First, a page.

GM valve stem seals are pretty much all alike. They can all get hard and brittle over the years and leak oil into the chamber...giving the little puff of blue on startup.
Easiest to do with the heads off the car, but can be done with the heads on.
Those are the valve seals. (green-blue rings around the the valve stems)
As willwren said, you'll need new rocker arm bolts and a torque wrench to tighten the rocker arms back down.
Other stuff: Valve Spring compressor (little type that fit over the springs and doesn't hold the valve..looks like a little gear puller) Small flat blade screwdiver, like a jewlers screwdriver, small rubber mallet, and a magnet. Compressor & compression guage set is really handy. (You don't need the guage, but the hose fitting that screws into the sparkplug hole usually fits a quick-disconnect air compressor hose too..allowing you to use the compressor to pump air into the cylinder through the spark plug hole.)
Bring each cylinder up to TDC firing. The rocker arms should be loose enough to wiggle them at this point, since the lifters are on the cam'* base circle. If you have a compressor, hook it up in place of the spark plug and presurize the cylinder to hold the valve against the seat. If you don't have the means to put air into the cylinder, you are not out of luck. Simply MAKE SURE the piston is at top dead center, the valve cannot drop all the way into the cylinder with the piston at the top. Exercise a bit of patience and use a magnet to lift up on the valve stem while you are putting the locks back in.
Remove the rocker are and use the spring compressor to remove the valve spring. Hint, when the spring is fully compressed, use the tiny screwdriver and magnet to remove the two locks that hold the valve in the hat of the valve spring. Years of cooked oil can make them stick in place, hence the screwdriver and magnet. You may also need to wiggle the compressed valve spring around to make enough room for one of the locks to come out...once one is out, the other stem lock will come right out.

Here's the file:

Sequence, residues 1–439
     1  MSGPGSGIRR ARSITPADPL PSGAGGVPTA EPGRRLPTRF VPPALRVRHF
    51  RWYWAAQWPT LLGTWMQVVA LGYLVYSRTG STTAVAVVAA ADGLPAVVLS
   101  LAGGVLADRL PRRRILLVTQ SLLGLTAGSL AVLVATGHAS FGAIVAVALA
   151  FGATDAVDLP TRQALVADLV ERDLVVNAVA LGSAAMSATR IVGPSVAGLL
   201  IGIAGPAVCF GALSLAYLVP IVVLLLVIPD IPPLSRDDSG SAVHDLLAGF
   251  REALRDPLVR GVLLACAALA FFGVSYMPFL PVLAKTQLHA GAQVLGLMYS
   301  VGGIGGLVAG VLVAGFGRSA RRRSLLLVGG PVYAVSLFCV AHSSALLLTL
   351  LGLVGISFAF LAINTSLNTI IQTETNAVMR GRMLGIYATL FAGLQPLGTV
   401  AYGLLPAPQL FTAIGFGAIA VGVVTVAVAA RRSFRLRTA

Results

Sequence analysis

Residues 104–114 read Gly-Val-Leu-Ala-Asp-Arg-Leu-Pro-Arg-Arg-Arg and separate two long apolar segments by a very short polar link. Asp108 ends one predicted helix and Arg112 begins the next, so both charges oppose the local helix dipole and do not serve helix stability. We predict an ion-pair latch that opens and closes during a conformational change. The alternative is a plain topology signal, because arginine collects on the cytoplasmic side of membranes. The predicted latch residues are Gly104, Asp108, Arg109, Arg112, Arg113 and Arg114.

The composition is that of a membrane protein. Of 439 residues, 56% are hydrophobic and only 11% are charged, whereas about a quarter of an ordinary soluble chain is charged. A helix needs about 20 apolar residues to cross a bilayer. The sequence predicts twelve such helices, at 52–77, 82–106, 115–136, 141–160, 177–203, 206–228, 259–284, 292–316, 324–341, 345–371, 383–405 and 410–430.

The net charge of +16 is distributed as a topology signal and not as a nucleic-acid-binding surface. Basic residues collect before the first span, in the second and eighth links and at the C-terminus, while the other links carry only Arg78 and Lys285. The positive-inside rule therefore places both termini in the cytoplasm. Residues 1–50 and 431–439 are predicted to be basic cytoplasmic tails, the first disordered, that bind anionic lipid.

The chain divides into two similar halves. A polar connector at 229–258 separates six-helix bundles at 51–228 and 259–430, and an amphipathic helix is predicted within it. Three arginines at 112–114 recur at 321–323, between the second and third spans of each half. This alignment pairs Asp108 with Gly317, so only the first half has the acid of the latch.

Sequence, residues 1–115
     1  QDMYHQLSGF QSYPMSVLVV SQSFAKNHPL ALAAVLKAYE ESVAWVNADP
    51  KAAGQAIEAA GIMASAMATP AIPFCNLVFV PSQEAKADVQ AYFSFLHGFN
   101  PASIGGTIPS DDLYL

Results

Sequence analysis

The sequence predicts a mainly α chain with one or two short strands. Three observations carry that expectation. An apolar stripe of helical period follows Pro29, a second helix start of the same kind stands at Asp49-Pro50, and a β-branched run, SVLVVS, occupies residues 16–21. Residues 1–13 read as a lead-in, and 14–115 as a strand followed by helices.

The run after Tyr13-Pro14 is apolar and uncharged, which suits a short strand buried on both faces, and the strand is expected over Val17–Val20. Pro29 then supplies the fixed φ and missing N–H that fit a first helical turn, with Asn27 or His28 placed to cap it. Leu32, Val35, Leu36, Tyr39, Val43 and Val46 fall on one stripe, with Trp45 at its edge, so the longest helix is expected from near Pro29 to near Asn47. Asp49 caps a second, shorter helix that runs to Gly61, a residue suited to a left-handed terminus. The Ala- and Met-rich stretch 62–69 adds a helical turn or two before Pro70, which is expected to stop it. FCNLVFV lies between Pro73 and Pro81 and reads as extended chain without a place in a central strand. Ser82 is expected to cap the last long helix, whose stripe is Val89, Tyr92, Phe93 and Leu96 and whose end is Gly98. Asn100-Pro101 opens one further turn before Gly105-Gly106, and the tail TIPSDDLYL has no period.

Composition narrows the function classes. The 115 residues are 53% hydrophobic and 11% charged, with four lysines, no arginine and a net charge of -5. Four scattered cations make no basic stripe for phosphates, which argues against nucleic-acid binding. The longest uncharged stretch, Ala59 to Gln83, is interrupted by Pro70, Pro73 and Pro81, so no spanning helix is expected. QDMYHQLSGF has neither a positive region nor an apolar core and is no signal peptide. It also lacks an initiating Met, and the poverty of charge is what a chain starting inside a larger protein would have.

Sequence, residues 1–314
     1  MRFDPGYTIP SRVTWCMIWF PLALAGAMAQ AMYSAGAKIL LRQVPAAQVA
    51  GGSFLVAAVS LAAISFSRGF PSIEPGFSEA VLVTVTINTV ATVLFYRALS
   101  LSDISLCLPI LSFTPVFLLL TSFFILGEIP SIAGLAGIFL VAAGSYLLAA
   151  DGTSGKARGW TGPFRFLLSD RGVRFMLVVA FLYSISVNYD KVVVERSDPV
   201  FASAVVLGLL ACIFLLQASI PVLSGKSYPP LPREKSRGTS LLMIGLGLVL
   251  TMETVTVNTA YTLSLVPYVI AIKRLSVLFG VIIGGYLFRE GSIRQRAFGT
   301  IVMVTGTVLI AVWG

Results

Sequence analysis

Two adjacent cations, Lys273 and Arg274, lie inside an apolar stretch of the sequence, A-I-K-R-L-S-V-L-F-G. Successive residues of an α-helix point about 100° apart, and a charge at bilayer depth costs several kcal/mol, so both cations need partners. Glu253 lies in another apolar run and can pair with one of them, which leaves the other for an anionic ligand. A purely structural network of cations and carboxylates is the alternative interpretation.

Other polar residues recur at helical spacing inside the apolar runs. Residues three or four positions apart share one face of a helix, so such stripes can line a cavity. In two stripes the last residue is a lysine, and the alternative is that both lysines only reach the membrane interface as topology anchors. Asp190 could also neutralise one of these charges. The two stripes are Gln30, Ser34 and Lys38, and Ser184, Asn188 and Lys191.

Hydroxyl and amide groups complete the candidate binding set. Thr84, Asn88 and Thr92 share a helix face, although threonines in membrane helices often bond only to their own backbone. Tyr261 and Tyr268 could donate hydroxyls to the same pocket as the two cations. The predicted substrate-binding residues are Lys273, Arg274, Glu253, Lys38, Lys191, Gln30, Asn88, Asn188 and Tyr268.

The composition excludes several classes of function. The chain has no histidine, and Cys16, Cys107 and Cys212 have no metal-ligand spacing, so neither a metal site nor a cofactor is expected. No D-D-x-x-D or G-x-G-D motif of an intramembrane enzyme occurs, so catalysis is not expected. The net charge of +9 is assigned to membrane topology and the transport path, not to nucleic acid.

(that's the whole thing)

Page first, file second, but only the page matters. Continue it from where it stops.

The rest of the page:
Be carefull. Don't drop any parts down into the motor, or you WILL be taking the motor apart to retrieve it. (Pack a rag into the opening where the pushrods come up through as a little insurance.)
Remove the old seal, clean and lube the valve stem, and install the new seal. A deep socket is handy to use as a press to push the new seal down over the boss in the head.
Reinstall the spring, locks and remove the spring compressor. Lightly tap the end of the valve with a rubber mallet to make sure the locks are seated. Reinstall the pushrod and rocker with a new bolt. Then move on to the next valve.
About two hours later you will have all six done and can reinstall the valve covers.
By the way, since you have the rockers off, soak the pushrods in some solvent and blow out the tubes to make sure there'* nothing restricting oil flow up to the rockers. Check that they are straight by rolling them on a piece of glass. If the pushrods pass muster, put them back in. If not, replace them with new ones.